From the Hill


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From the Hill

White House unveils pandemic flu plan

In a November 1 speech at the National Institutes of Health (NIH), President Bush proposed a multiyear plan to address the growing global threat of an avian flu pandemic. The plan includes an initial investment of $7.1 billion in emergency spending in fiscal year 2006, which is provoking some resistance in Congress.

In the speech, the president said his plan is designed to meet three critical objectives. “First,” he said, “we must detect outbreaks that occur anywhere in the world; second, we must protect the American people by stockpiling vaccines and antiviral drugs, and improve our ability to rapidly produce new vaccines against a pandemic strain; and, third, we must be ready to respond at the federal, state and local levels in the event that a pandemic reaches our shores.”

The $7.1 billion emergency spending would include:

  • $251 million to assist other countries in training personnel and to develop surveillance and testing systems that will allow for early detection and containment of avian flu outbreaks
  • $1.5 billion for the Departments of Health and Human Services (HHS) and Defense to purchase an experimental influenza vaccine based on the current H5N1 strain that is spreading throughout Asia
  • $1 billion to stockpile antiviral medications
  • $644 million for local government response
  • $2.8 billion to accelerate development of cell-culture technology to allow manufacturers to move away from the current egg-based technique for creating flu vaccines
  • $800 million for R&D of other novel treatments

The president said he would like to eventually achieve a goal of producing 300 million doses of vaccine within 6 months of a pandemic outbreak.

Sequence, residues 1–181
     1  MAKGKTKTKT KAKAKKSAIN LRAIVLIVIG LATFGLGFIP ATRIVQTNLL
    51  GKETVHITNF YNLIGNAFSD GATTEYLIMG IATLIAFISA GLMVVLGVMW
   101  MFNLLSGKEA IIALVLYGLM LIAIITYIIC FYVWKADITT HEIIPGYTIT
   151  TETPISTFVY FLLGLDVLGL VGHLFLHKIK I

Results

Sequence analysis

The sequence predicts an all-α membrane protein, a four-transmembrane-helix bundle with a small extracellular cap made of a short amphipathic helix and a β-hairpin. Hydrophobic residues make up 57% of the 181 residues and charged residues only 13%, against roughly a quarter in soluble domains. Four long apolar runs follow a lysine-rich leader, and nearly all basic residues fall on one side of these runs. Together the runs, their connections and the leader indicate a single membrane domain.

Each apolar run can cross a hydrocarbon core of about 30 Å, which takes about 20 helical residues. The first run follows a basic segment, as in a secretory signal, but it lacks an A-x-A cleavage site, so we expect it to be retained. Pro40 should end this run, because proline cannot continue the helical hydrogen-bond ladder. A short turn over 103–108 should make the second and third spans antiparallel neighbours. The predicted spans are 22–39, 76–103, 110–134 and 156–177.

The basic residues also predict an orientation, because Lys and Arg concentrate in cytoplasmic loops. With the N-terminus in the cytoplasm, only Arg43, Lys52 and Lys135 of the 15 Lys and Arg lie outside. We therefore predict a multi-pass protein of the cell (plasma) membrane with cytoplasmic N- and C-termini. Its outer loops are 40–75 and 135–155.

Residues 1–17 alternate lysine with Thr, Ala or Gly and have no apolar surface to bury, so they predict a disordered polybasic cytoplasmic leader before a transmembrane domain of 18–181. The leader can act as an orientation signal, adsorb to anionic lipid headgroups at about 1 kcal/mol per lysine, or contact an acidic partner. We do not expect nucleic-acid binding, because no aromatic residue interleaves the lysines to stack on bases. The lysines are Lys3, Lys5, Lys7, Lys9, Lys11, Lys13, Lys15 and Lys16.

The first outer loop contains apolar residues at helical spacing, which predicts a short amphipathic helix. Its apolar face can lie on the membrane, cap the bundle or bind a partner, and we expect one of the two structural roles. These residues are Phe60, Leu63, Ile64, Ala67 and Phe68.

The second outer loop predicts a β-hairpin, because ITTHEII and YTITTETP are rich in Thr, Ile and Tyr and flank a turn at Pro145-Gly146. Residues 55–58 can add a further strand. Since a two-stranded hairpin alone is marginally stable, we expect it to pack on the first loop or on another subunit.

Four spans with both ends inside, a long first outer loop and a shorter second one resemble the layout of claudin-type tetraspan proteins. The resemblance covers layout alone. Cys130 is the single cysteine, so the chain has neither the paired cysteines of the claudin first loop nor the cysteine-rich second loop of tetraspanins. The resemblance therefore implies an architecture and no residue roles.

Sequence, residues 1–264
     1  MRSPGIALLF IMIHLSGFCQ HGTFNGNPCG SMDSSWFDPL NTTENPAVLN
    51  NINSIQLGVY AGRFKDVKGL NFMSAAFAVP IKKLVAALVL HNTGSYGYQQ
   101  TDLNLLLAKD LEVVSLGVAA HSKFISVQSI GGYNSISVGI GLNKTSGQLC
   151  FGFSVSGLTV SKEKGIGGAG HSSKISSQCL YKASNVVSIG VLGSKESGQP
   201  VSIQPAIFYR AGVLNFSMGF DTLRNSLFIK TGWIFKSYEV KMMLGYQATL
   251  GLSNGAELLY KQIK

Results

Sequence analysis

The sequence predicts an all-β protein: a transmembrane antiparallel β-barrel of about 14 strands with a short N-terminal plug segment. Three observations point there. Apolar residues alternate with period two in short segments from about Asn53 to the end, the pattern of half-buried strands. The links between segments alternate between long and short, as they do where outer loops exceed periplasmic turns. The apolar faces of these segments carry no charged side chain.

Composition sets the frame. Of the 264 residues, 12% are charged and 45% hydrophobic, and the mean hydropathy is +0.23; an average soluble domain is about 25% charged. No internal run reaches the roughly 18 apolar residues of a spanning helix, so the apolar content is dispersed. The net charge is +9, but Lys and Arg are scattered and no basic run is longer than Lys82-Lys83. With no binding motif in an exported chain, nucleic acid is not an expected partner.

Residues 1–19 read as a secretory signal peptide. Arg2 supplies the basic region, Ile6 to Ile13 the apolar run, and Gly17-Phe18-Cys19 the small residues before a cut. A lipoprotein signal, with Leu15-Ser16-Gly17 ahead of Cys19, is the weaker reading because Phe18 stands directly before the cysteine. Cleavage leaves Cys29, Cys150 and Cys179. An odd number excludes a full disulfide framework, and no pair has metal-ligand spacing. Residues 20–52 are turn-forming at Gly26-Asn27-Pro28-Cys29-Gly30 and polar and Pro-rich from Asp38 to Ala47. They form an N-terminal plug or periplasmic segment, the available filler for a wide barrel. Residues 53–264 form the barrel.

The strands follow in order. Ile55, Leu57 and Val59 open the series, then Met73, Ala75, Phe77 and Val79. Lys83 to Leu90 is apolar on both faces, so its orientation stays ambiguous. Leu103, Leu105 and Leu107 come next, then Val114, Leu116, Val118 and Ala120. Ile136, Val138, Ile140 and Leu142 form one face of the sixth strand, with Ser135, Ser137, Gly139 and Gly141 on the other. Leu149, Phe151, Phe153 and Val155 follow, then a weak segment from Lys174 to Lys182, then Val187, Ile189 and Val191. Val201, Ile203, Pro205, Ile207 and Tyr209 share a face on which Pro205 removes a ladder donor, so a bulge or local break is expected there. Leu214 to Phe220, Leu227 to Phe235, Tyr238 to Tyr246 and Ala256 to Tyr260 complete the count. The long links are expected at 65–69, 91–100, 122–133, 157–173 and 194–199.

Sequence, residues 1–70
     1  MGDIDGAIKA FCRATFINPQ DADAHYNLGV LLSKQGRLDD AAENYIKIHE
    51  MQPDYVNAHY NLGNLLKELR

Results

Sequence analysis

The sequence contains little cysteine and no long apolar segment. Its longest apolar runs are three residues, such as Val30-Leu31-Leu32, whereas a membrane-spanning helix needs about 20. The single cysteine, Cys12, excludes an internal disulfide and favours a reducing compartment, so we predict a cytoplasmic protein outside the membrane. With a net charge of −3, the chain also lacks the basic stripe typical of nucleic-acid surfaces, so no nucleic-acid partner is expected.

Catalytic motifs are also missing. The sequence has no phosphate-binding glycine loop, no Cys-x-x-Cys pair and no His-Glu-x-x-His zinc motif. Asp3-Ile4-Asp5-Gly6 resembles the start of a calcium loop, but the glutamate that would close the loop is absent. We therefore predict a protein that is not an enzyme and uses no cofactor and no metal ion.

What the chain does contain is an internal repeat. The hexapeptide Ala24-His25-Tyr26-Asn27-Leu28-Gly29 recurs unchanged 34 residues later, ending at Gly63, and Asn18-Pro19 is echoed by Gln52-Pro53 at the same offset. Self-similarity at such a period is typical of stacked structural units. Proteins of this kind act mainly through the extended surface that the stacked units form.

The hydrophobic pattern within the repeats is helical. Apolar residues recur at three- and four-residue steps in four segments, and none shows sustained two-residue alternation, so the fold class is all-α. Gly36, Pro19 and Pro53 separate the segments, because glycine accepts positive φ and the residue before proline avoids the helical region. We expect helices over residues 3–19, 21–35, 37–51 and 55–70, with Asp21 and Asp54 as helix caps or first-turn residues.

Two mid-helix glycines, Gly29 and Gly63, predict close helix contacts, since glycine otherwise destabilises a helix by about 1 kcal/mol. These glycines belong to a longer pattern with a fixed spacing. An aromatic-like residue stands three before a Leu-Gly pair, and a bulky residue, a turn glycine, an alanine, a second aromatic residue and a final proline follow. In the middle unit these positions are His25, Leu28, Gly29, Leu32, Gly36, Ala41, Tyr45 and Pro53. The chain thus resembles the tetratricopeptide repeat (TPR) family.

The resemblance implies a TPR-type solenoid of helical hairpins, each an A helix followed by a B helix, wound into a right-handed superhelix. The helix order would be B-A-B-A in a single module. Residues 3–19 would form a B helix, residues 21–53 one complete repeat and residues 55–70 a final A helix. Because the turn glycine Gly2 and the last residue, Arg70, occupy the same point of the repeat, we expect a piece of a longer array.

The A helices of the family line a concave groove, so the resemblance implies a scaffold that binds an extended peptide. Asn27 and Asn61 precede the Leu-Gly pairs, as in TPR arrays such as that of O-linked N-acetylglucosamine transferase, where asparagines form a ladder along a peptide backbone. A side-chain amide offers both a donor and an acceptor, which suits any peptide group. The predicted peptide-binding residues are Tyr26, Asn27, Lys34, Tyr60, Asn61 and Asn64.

In testimony before the House Labor-HHS Appropriations Subcommittee and the Energy and Commerce Committee, HHS Secretary Michael Leavitt said that the experimental vaccine for H5N1 must be given in two doses to be effective. He estimates that by 2009, the United States would be able to produce about 40 million doses using existing production techniques, enough for 20 million individuals.

This pre-pandemic vaccine would be used to immunize health care workers and other first responders. However, Leavitt emphasized that H5N1 would have mutated by the time it could be easily transmitted between humans, thus making today’s vaccine less effective. With the current egg-based production techniques, it would take six months from a pandemic outbreak to research, test, and produce 60 million courses of a new vaccine based on the current mutated strain.

Anthony Fauci, director of NIH’s National Institutes of Allergies and Infectious Diseases, said at the hearings that investment in cell-based technologies would allow the United States to develop the “surge capacity” needed to produce 80% of the targeted goal of 300 million vaccine doses within 6 months of a pandemic outbreak.

The high price tag of the new plan and uncertainty about how imminent an influenza pandemic is have lead to some congressional skepticism. Although acknowledging the importance of addressing an avian flu pandemic, House Energy and Commerce Committee Chairman Joe Barton (R-TX) said that, “Wasting taxpayers’ money will not keep people from catching the flu.. . . We need to sort out our real weaknesses from our imagined ones, and determine where the application of money and good sense will actually improve our preparedness and stop the flu.”

Meanwhile, other members of the committees questioned the administration’s plan to give industry liability protection without considering recourse options for patients in the event of adverse reactions to a vaccine. Rep. Dave Weldon (R-FL) said that although ensuring industry participation is important, government policy must also seek to encourage patients to submit to a vaccine that may carry unknown risk.

Senate delays action on bill to ease stem cell research restrictions

A Senate bill that would ease current restrictions on federal funding of embryonic stem cell research has been postponed until 2006. However, consideration of the bill will be given a high priority early in the next session, according to an agreement worked out by Majority Leader Bill Frist (R-TN) and Sen. Arlen Specter (R-PA). Specter had threatened to attach Stem Cell Research Enhancement Act (S. 471) to the Labor-HHS appropriations bill to force consideration of it in 2005.